“A lot of local farmers can’t get their heads around it doubling in two and a half years.”
Mr Freeman said further hikes in interest rates might bring more vendors to the market if term deposits becomes a more attractive option for the conservative investor looking for somewhere to park farm capital.
Agents generally see the market as consolidating at current levels for now at least.
“I do believe we are at the summit of where prices are at the moment, but that’s still very strong,” Mr Robertson said.
“Two years ago, $4000 an acre for dryland farming was considered very good money; now high-value agricultural land around Cowra is $6000 an acre.”
Mr Robertson said expansion from people within and beyond the district was still occurring.
“You’ve got to get more efficient, and expanding your area is one way to do it.”
Agent Rob Anderson of Raine & Horne Grenfell, formerly C.J. Anderson & Co, said there was “quite a strong interest from the locals”, but investment was also being seen from graziers and mixed farmers from the tablelands and inner slopes.
As interest rates rise, and input costs as well as commodity prices remain high, Mr Anderson said local farmers were careful about not overborrowing.
“Local farmers… know what that country can produce; they come up with a price and that’s what they’re prepared to pay and no more.”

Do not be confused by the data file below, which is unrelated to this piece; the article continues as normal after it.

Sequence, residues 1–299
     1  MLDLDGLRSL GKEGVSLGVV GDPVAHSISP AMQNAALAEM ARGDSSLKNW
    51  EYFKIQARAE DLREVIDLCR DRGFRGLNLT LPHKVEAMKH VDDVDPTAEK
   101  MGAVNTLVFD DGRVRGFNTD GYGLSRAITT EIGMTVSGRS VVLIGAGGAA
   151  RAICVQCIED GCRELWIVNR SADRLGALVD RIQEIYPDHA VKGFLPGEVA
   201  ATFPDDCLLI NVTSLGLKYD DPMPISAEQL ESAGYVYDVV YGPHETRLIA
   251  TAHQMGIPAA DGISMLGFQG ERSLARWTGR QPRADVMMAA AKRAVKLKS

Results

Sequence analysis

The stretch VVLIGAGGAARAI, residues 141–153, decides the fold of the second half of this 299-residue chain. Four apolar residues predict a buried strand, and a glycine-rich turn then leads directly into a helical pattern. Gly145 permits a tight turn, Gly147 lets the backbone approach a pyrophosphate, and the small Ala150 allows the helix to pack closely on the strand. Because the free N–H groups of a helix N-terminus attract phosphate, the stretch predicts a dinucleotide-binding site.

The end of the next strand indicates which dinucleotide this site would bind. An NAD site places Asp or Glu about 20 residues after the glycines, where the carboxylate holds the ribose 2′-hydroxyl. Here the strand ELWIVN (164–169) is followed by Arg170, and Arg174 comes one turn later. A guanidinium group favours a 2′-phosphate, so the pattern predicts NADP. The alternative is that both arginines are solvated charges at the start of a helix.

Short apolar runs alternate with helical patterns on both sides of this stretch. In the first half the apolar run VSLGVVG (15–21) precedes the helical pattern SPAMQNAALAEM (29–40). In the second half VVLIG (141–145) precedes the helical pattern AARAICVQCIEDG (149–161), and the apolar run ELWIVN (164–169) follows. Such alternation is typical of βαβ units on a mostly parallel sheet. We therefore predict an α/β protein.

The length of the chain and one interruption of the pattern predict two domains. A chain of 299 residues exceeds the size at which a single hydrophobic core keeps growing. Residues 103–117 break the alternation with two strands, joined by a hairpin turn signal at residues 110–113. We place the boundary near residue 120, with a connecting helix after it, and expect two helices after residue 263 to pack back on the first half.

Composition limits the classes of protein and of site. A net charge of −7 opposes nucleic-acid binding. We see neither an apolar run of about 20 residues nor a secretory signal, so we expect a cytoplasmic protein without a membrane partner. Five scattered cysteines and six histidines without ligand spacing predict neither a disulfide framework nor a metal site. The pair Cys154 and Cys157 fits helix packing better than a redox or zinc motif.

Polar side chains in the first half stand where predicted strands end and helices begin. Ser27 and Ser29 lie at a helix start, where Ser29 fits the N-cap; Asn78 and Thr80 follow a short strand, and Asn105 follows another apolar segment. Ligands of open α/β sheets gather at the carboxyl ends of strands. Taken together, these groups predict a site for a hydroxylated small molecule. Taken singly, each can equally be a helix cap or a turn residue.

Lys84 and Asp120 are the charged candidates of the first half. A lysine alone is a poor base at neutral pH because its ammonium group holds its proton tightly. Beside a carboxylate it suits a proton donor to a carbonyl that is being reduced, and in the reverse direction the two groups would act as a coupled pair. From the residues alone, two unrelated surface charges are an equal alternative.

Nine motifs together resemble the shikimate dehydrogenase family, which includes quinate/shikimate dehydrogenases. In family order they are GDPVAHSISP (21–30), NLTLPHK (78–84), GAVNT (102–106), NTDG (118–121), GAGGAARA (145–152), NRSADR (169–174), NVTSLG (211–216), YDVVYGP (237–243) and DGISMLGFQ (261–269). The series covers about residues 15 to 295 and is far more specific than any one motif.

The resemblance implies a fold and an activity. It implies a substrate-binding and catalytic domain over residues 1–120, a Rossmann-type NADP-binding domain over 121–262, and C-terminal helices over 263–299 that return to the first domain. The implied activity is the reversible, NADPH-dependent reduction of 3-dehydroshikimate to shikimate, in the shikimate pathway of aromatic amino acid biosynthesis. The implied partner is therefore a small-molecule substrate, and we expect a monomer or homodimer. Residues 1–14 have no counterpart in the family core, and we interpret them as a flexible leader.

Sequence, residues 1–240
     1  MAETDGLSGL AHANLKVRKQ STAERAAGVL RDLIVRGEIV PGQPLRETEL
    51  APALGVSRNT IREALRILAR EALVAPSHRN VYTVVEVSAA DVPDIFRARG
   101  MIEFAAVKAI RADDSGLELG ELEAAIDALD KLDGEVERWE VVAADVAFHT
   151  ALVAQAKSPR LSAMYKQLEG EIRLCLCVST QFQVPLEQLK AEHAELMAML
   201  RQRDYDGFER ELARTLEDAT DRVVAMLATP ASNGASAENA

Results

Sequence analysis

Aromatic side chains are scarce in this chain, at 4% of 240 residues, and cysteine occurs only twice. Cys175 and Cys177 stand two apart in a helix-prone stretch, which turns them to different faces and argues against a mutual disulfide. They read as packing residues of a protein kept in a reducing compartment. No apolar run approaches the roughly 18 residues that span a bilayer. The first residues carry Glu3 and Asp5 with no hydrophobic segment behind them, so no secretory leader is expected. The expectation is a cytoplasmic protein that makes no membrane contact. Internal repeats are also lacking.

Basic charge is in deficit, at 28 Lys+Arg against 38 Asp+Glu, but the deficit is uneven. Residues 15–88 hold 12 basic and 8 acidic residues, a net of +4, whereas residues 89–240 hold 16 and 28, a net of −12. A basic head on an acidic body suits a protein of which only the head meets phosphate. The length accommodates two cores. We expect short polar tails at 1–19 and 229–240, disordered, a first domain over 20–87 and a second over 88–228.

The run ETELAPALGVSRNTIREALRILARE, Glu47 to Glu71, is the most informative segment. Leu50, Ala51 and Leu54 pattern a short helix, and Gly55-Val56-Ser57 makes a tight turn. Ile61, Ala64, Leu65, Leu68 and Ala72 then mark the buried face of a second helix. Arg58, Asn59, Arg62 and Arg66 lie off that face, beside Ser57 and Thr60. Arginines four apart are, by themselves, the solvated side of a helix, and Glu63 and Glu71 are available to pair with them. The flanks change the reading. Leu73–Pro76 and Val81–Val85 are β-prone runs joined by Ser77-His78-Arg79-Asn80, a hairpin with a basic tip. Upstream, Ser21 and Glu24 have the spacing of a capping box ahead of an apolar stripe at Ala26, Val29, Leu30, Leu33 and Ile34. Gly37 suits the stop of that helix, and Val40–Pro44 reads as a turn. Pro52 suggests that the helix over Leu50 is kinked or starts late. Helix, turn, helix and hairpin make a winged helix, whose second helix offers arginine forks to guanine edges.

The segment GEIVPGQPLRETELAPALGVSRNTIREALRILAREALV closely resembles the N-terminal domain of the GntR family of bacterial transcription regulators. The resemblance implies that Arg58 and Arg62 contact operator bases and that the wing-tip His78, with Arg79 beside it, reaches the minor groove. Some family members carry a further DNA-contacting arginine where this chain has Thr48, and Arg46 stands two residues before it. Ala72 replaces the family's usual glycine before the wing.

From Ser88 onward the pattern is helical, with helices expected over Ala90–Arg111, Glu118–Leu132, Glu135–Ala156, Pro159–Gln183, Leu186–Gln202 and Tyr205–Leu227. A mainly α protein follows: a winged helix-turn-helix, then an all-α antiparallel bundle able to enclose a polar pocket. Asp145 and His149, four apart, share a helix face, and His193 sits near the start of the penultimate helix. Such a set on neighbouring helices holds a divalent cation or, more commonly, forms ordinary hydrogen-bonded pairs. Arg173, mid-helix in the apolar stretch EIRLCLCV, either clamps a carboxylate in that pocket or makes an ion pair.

“The market has levelled out a bit.”
Mr Anderson said some vendors are pitching above the market, and buyers now are not as likely to pay the asking price as they were last year.
“Their places are still there.”
Miller & James, Temora, managing director Angus McLaren can also see a steadying in values, and a prevailing interest from producers based in regions where land is significantly dearer.
“There won’t be big increases of the past 24 months again, but I don’t think there’s any downside,” Mr McLaren said.
“It’s always cheaper the further west you go; if you have to pay $8000-$10,000 an acre to expand where you are, and you can pay $2000-$3000 an acre somewhere else, that option looks pretty attractive.”
Brigadoon to test interest
The auction on September 9 of Brigadoon at Wirrinya is set to test the market for red and grey loam mixed-farming country when it goes to auction with Miller & James.
The 721ha property has been in the Uphill family since the 1950s, and vendor Steve Uphill said he plans to sell up to “put a full stop” on his farming career and give himself and his wife some time to travel.
Brigadoon includes 330t of silo storage plus a 350t grain shed, an 8ha jojoba plantation, a shearing shed and a substantial home, and has run a Merino flock with its winter-cropping program.
Excessive rain interrupted planting of the 2022 crop across NSW, and Mr Uphill planted a reduced area this year which totals 60ha each of wheat and canola.
“The grey country you can get on to a bit quicker after the rain than the red, but the red is better in the dry years, so it’s good to have the mix,” Mr Uphill said.
Brigadoon is a reliable producer of malting and feed barley, wheat and canola, with feed barley often selling direct to feedlots or dairies.
“You can go a lot of different places with your grain from here, and we’ve got some storage too if we want to sell it direct.”